The sky was clear, the winds were calm, the sounds of a regular evening in Howard Beach — airplane engines overhead and cars whizzing past on the Belt Parkway — were the norm for a typical October evening.
But one year ago, none of that was true. One year ago Tuesday night, Howard Beach was a very different place, literally struggling to stay above water as Hurricane Sandy’s full might took the neighborhood by complete surprise.
Across the street from St. Helen Church parking lot the site where a 30-foot tree crushed a car has been replaced with a new sidewalk and a new sapling, its leaves colored different shades of red.
People filed past the reconstructed sidewalk and walked diagonally across the street toward St. Helen School, where in the playground behind the building dozens of residents gathered, holding candles.
The vigil was an interfaith service that lasted just under an hour.
In between prayers and hymns, neighbors chatted with neighbors over cookies and water, sharing stories about that night one year ago and the slow, painful, exhausting process of picking up the pieces that ensued over the next 12 months.
One resident of Howard Beach was killed in the storm — Rose Faggiano of 98th Street, who drowned when the storm surge inundated her first floor. There were numerous injuries, mainly cuts and bruises. Some barely escaped with their lives, including one man who nearly drowned in his basement apartment before being saved by four neighbors.
But battered nerves and souls made up the majority of the injuries in Howard Beach. Last year’s memories were still vivid. Residents spelled out their stories of water rising in their basement and into their first floor, of desperate attempts to save belongings by carrying them up to a second floor, of waking up the next morning to find their cars had been washed away or their garage door smashed in by the force of the water. They shared memories of the days and weeks after: the blackout that lasted as much as 12 days in parts of the neighborhood, the gas lines and desperation to find gas to run generators, the uncertainly over when the lights would come back on or when residents would receive money from the federal government to rebuild, the weeks and months living in hotels or a relative’s home, trying to get children to school in another borough, and collecting relief supplies from the relief center set up at Father Dooley Hall, behind which Tuesday’s vigil took place.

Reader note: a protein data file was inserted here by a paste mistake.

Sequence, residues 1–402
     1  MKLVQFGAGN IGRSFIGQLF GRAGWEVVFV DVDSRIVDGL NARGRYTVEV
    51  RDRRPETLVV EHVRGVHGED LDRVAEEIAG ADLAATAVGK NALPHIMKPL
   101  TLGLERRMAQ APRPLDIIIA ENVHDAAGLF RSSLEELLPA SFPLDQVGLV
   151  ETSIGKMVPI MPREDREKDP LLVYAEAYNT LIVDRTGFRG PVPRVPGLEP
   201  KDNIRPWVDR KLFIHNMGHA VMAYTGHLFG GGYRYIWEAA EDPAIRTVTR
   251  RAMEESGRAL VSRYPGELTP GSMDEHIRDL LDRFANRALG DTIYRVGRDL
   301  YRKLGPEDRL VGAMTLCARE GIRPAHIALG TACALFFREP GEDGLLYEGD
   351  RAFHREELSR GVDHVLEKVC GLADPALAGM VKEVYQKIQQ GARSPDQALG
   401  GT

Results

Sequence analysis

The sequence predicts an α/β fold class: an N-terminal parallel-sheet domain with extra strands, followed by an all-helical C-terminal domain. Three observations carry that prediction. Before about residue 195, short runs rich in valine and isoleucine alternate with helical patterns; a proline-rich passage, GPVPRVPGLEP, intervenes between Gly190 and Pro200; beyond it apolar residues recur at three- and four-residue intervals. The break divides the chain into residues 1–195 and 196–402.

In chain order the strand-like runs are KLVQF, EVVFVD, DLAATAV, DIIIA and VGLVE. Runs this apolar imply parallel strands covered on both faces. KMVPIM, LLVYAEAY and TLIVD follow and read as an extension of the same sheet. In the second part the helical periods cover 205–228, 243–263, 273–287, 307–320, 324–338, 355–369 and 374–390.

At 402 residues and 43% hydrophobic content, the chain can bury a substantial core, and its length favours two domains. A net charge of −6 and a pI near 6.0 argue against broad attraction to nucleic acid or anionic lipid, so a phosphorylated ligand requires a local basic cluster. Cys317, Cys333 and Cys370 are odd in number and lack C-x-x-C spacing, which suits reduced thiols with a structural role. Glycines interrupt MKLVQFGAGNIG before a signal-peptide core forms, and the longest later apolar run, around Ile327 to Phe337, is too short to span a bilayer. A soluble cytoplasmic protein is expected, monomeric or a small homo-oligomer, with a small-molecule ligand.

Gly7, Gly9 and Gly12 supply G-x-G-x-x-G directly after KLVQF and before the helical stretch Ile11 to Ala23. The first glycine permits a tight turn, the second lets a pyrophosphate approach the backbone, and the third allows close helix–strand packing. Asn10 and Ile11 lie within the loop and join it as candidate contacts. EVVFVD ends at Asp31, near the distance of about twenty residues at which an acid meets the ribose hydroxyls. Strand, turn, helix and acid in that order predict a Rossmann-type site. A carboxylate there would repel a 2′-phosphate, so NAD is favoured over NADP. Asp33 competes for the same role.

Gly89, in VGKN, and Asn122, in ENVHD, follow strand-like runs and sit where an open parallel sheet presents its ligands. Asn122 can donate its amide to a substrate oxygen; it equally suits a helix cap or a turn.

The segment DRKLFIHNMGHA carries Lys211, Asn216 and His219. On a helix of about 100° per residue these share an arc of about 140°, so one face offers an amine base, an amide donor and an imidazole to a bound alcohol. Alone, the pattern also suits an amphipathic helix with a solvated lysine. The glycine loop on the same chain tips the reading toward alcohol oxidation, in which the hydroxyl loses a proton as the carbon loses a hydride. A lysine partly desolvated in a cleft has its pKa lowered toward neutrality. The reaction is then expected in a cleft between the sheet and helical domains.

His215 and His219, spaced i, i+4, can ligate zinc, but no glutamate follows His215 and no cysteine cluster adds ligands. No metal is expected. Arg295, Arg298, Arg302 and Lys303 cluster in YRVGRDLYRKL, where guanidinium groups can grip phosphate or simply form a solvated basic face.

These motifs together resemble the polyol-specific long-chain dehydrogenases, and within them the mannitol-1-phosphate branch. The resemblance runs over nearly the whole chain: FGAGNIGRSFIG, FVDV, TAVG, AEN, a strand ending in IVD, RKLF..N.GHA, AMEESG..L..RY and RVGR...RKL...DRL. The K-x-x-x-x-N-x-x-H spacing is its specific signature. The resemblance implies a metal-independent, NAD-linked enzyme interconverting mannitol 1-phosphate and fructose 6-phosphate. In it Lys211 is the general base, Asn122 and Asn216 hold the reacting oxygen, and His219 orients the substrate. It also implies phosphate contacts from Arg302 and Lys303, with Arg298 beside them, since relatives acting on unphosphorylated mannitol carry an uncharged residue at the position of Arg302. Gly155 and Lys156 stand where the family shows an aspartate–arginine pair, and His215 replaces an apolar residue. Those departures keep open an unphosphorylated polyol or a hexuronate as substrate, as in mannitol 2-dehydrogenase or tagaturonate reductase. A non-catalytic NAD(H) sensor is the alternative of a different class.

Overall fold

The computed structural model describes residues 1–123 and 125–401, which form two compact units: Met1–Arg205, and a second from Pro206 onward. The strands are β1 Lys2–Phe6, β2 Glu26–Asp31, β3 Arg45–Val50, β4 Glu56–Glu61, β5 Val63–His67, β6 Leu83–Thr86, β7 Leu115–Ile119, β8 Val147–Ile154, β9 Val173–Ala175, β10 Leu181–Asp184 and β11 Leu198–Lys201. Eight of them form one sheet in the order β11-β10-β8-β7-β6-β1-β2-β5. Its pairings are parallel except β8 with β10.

There were the concerns born out of Sandy, especially over new flood maps and the cost of flood insurance for homes that had never before seen so much water inside of them.
For many, Sandy changed Howard Beach, in good ways and bad ways. “Hurricane Sandy turned us into a community,” said one speaker, a minister from Far Rockaway.
“It’ll never be the same, living here,” one resident told her neighbor during the vigil. “It’s a different place now that we know this could happen.”
One resident, who did not want to be identified, came to the vigil in sweat clothes she claimed to have gotten from charity after she lost all her clothing in Sandy’s storm surge.
“This is literally all I had to wear after Sandy,” she said. “It just felt right to wear it now.”
Tuesday night’s vigil was the second one held this week in the neighborhood. Another was held Monday night at the Davenport Court firehouse of the West Hamilton Beach Volunteer Fire Department in Hamilton Beach.